The exact cause of OCD is unknown. A genetic component is implied, since first-degree biological relatives of individuals with OCD have a higher risk of developing the disorder.7 Abnormal activity in the brain, including poor functioning of the chemical serotonin, may also be associated.52,53 Behavioural conditioning has also been suggested to play a role in the development (and maintenance) of the disorder: compulsions are the result of learned responses intended to reduce or avoid anxiety from the associated obsession; it is this compulsion that negatively reinforces the obsession-compulsion cycle.52 With treatment, however, most patients show a significant improvement in their symptoms and quality of life, particularly that the symptoms no longer interfere with functioning or cause severe distress. Serotonin reuptake inhibitors (antidepressants) are often prescribed and are effective in reducing the obsessive-compulsive symptoms.51 Behavioural therapy may also be prescribed so that individuals with OCD can face the situations that cause them anxiety and attempt to de-sensitize them. Repeated exposure to the anxiety-provoking stimulus may cause the individual to no longer fear it. This, in turn, may prevent future episodes of OCD. Behavioural therapy also teaches the individual techniques to avoid their compulsive ritual, and to deal with the anxiety. Education for patients and their families is crucial to the success of treatment.58
Obsessive-compulsive disorder (moderate)
ICD-9: 300.3 ICD-10 - Obsessive-Compulsive Disorder F42
Individuals with moderate obsessive-compulsive disorder (OCD) suffer intensely from recurrent, unwanted obsessions and compulsions which they feel they cannot control. Often the obsessions/compulsions require an excessive amount of time to complete; even getting dressed may take a few hours. Hence, these obsessions/compulsions interfere with an individual's daily functioning. Limitations in social and occupational functioning are the most common; individuals with OCD may not be able to carry out normal responsibilities because of the time required to complete a ritual. Psychological well-being is affected due to extreme anxiety and distress. Depression is often experienced. Relationships with parents, family and friends are affected, likely due to conflict from provoking other people to engage in their ritualistic behaviours. Concentration and other mental tasks are likely disrupted due to obsessional distractions.7,51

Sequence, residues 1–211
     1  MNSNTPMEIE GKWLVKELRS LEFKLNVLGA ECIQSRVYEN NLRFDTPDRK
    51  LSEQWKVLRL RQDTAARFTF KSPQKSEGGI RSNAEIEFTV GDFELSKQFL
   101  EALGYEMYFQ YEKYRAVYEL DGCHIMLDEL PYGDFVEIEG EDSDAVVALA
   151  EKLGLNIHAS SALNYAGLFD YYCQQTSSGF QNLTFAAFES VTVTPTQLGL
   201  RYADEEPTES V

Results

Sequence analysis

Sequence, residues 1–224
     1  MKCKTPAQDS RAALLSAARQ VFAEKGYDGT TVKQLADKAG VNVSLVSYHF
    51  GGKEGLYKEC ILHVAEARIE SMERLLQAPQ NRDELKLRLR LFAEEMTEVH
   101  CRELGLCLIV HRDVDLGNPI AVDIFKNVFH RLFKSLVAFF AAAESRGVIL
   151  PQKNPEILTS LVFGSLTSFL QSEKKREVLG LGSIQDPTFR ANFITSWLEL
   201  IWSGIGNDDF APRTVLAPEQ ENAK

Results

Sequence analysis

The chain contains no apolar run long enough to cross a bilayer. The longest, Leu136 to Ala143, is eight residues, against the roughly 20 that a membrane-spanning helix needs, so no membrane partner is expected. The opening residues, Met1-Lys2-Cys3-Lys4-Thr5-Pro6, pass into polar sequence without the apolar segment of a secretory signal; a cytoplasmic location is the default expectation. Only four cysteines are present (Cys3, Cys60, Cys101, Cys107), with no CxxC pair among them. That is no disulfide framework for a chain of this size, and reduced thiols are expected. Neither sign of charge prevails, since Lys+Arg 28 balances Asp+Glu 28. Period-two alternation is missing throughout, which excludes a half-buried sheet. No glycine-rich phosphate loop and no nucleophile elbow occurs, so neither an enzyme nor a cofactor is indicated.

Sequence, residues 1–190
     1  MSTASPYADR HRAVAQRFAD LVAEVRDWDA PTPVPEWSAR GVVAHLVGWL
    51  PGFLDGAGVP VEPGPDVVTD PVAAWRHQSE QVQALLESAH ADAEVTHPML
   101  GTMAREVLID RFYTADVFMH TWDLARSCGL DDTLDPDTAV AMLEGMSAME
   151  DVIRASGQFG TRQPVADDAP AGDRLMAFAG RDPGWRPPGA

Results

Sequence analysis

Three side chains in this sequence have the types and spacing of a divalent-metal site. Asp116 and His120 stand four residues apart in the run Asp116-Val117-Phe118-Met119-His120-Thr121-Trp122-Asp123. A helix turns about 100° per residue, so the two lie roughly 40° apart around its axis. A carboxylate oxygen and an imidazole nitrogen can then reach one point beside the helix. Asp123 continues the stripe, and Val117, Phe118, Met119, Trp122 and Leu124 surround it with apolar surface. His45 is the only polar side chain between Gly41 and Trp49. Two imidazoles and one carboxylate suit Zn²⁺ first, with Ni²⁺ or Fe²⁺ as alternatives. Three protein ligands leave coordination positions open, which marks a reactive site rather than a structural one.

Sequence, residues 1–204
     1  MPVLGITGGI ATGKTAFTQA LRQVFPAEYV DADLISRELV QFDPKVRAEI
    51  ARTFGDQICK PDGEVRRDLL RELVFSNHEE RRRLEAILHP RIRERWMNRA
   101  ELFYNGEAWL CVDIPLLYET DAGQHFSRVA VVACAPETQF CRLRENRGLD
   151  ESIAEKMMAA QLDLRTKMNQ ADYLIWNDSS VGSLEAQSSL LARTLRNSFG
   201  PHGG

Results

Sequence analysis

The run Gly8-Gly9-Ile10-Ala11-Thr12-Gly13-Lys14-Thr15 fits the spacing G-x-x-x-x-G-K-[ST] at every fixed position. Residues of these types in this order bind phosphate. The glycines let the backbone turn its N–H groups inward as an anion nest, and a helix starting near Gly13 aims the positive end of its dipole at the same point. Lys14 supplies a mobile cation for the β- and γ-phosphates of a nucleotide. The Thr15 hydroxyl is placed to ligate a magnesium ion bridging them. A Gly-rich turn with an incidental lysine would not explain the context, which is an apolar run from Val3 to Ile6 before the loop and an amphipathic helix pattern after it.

Obsessive-compulsive disorder (severe)
ICD-9: 300.3 ICD-10 - Obsessive-Compulsive Disorder F42
Individuals with severe obsessive-compulsive disorder (OCD) suffer from the same limitations as an individual with moderate OCD, but on a larger scale. Anxiety and distress are extremely intense. Their preoccupation with obsessions and/or compulsions interferes with almost all areas of general functioning. The impairments to social and occupational functioning may lead to low self-esteem, lower career aspirations, marital problems, guilt, depression, sleep disturbances, and even greater anxiety. Avoidance of objects or situations that provoke anxiety can cause the individual to become housebound.7,51
Part 6 - Post traumatic stress disorder (PTSD)